Jefferson’s Bourbon is made in very small batches. Actually, ridiculously small batches. We take up to four different Kentucky straight bourbon whiskies of different ages and marry them together. Doing this, we get a lot of complexity and balance while maintaining the consistency needed in a bourbon (one of the blends comprising of at least 55% of the total). We wanted to make it big enough for the connoisseur, yet approachable for people just getting into the premium bourbon field.

Would we agree? It certainly is approachable…

While I can’t confirm, I suspect this bottle was purchased in the US of A… generally available for around $30. Which makes it mighty good value for money.

What all did we sample in our mostly Bourbons night?

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BMC’s Bourbon – Jefferson’s, St George, Blanton’s, Stagg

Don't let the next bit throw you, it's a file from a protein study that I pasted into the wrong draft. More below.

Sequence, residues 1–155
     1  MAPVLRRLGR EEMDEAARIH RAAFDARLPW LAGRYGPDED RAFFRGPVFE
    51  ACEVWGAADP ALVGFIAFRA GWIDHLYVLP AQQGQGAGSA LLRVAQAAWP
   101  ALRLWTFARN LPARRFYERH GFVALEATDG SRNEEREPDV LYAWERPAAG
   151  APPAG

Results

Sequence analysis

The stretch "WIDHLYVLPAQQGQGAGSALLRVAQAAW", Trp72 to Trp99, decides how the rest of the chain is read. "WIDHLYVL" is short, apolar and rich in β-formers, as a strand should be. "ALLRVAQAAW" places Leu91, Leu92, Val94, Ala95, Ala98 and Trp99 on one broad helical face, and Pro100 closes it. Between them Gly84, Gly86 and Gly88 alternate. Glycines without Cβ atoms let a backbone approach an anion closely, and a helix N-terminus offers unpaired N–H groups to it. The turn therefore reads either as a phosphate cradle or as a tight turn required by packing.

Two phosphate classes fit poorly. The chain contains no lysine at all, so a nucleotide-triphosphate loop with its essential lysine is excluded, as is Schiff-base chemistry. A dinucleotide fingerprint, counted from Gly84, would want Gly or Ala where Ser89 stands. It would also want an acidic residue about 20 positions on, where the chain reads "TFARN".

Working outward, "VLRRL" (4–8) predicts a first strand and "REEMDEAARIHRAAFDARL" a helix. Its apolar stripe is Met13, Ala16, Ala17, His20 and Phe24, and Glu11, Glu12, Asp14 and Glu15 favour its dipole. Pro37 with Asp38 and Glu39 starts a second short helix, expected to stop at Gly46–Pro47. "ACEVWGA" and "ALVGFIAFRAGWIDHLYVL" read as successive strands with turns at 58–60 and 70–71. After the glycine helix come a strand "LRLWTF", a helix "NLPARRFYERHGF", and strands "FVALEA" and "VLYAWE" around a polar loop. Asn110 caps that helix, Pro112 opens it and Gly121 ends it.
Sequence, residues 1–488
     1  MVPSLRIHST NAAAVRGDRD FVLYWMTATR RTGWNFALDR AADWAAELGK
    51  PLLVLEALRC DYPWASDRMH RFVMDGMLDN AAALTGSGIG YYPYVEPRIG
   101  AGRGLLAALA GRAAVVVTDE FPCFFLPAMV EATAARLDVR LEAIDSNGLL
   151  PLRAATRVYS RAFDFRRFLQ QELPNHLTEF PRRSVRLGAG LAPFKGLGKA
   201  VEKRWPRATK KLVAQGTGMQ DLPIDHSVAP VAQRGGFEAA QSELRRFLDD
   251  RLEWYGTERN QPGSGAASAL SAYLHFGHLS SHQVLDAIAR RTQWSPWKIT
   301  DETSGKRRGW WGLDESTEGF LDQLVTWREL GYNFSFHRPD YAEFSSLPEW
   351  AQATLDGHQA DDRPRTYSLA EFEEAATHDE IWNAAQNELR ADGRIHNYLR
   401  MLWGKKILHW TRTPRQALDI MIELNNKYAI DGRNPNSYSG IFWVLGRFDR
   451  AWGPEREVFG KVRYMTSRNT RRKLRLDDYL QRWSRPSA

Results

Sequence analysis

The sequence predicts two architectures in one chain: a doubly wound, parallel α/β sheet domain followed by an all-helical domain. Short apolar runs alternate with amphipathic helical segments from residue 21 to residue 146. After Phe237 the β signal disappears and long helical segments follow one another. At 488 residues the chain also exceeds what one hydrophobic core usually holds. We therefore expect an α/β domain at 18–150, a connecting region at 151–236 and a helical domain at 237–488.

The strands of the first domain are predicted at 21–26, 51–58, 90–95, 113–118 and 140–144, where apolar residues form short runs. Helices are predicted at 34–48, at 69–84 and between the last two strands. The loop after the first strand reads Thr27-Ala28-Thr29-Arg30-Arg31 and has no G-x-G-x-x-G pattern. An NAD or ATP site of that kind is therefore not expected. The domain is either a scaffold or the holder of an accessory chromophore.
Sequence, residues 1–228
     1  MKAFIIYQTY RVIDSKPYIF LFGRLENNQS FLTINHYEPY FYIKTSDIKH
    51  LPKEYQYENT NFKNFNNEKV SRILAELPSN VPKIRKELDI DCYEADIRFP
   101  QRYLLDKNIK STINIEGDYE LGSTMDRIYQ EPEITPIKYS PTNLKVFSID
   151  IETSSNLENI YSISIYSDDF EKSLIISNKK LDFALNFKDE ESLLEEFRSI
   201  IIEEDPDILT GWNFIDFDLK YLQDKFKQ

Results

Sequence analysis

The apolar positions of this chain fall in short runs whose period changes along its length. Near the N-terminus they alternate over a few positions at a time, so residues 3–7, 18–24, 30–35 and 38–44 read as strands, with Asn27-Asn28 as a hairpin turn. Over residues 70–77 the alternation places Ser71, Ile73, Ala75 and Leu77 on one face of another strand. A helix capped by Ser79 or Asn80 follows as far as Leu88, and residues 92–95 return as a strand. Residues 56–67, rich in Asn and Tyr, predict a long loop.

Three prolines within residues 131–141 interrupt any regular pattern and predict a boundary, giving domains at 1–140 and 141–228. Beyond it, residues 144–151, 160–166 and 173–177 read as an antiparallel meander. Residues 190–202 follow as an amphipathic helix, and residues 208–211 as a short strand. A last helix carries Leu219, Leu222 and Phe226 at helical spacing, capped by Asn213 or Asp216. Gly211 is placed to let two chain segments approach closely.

Our Bombay Malt & Cigar (BMC) gents are definitely going beyond the borders of Scottish Single Malts… the latest in this flirting with other drams was an evening devoted to bourbon… with an American single malt whiskey thrown in for good measure!

So what did we sample?

You can also find more North American whiskies in the “US & Canada” page!

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Brush with Bourbon – Elmer T Lee 45%

Last in our trio of bourbon’s at 1602 Dundas was a dram from Buffalo Trace distillery in Kentucky who produce Blanton’s, W. L. Weller, E. H. Taylor and Buffalo Trace among others. Elmer T Lee is named after their Master Distiller Emeritus Elmer T. Lee.

Elmer T. Lee Single Barrel Bourbon 45%

Image: LCBO

And what did we find?

  • Nose – Sweet mash, fruity cinnamon spice, over ripe fruits
  • Palate – Grape, raisins, bitter dry oaky, spicy
  • Finish – Slow bitter finish